"They don't fix them in those places," Mom said; " They give them drugs." Why is this quote from The Red Convertible by Louise Erdrich important to the story?
The quote, "They don't fix them in those places," Mom said; "They give them drugs" can have several different meanings.
This quote deals with the condition of her son Henry who left for the war and came back a changed man. They are part of a Native American reservation, and as those present speak of what can be done to help Henry, his mom is clear about the problem. Moses Pillager cannot be trusted because he had courted her long ago and is jealous of her husbands, so he might try to hurt Henry out of revenge. There are no Indian doctors on the reservation, and Henry's mom fears that if they take him to the hospital, he won't be allowed to come home. "They don't fix them in those places," Mom said; "They give them drugs."
There are several ways to look at this passage for its significance.
The first may be Henry's mom's distrust of the treatment her son would get at a "white" hospital. It would seem she fears that they would try to put a "band aid" on what troubles him by giving him drugs, but not finding the root of the problem. In this way, he would be dependent on a substance, but have no chance to truly get well: 'without knowing the cause of a problem, how can you fix it?' she might be saying.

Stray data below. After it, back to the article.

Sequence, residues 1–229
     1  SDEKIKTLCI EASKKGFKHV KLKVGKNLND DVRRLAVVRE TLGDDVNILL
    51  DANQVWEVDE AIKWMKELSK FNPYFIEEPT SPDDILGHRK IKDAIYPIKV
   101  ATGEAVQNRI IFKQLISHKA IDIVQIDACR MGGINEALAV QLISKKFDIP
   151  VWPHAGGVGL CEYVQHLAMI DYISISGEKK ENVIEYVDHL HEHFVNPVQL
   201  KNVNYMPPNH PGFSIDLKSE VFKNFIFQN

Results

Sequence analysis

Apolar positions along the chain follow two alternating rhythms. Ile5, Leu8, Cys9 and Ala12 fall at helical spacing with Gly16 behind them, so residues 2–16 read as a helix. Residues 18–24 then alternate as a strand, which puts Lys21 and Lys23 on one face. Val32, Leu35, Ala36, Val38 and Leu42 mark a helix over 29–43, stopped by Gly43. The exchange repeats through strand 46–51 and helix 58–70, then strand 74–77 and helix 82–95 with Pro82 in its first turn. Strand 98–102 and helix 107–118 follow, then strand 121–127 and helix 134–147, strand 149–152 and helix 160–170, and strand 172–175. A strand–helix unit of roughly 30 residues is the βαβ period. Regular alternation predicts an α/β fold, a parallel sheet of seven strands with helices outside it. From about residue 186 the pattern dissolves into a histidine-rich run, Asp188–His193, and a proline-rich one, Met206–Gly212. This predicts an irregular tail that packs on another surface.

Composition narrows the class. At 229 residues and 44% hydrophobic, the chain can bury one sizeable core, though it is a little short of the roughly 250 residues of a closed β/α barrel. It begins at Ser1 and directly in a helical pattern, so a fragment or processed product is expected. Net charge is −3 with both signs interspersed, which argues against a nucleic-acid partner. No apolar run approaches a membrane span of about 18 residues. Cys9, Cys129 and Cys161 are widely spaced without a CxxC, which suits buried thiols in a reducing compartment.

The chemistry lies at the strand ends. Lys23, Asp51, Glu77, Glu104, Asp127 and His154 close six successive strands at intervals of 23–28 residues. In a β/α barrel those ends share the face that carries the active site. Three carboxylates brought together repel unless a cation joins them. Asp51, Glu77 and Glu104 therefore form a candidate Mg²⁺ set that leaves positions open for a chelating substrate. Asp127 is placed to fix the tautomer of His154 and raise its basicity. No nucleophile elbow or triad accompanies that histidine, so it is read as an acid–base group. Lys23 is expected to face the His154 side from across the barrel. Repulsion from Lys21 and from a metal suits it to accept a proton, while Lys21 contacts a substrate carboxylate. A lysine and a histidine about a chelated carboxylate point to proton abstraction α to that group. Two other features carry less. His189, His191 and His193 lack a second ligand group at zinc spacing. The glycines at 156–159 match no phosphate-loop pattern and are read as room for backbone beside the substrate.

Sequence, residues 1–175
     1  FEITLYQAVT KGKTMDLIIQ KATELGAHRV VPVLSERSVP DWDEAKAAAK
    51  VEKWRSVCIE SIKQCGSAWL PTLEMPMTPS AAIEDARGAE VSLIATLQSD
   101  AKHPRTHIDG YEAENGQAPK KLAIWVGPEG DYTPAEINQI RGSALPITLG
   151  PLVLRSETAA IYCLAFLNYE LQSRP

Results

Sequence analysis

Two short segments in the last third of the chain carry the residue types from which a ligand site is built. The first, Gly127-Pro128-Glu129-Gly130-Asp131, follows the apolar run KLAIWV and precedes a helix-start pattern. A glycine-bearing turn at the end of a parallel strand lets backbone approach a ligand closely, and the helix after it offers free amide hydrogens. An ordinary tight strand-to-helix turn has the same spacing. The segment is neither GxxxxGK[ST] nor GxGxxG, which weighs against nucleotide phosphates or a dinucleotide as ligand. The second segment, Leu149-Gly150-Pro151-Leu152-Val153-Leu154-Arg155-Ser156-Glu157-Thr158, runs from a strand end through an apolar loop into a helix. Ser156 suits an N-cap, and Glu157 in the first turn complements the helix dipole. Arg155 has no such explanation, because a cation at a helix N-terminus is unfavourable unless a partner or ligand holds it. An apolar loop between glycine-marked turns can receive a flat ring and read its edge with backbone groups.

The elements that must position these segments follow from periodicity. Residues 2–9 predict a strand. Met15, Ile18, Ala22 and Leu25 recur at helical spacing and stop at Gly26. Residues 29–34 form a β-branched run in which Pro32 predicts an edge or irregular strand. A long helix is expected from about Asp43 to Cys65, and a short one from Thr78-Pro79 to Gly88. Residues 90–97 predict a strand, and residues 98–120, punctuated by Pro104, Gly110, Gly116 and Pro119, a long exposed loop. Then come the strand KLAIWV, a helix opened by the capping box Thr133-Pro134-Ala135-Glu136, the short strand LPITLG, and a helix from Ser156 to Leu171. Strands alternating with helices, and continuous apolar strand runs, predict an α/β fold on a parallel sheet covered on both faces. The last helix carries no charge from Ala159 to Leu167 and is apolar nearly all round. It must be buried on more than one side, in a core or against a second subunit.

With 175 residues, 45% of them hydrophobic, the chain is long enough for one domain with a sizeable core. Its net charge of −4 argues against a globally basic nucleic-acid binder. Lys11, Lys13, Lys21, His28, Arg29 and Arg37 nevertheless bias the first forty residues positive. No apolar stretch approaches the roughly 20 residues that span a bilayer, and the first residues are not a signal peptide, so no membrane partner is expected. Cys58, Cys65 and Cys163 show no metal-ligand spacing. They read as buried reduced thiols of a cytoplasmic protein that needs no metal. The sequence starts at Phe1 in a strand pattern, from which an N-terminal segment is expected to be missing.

The quote might also reflect that she has no faith in hospitals at all. She refers to "those places" which might lump all hospitals together. This could be a cultural reflection as to the ineffectiveness of anything but "old medicine," passed down through the generations of her people.
A third possibility is that she may have a sense that her son cannot be helped under any circumstances. The world of the Native American has changed to something unrecognizable. Gone are the days of raising strong warriors to live off of the land, ride free on prairies that belong to no one in particular, and find a sense of positive self-worth, pride and accomplishment in carving out one's life with the doing of everyday things in the old ways. Here her son is sent to a foreign war, 'foreign' in every sense of the world, and perhaps she dismisses the treatment already knowing that her son is lost, and nothing any doctor can do will fix him.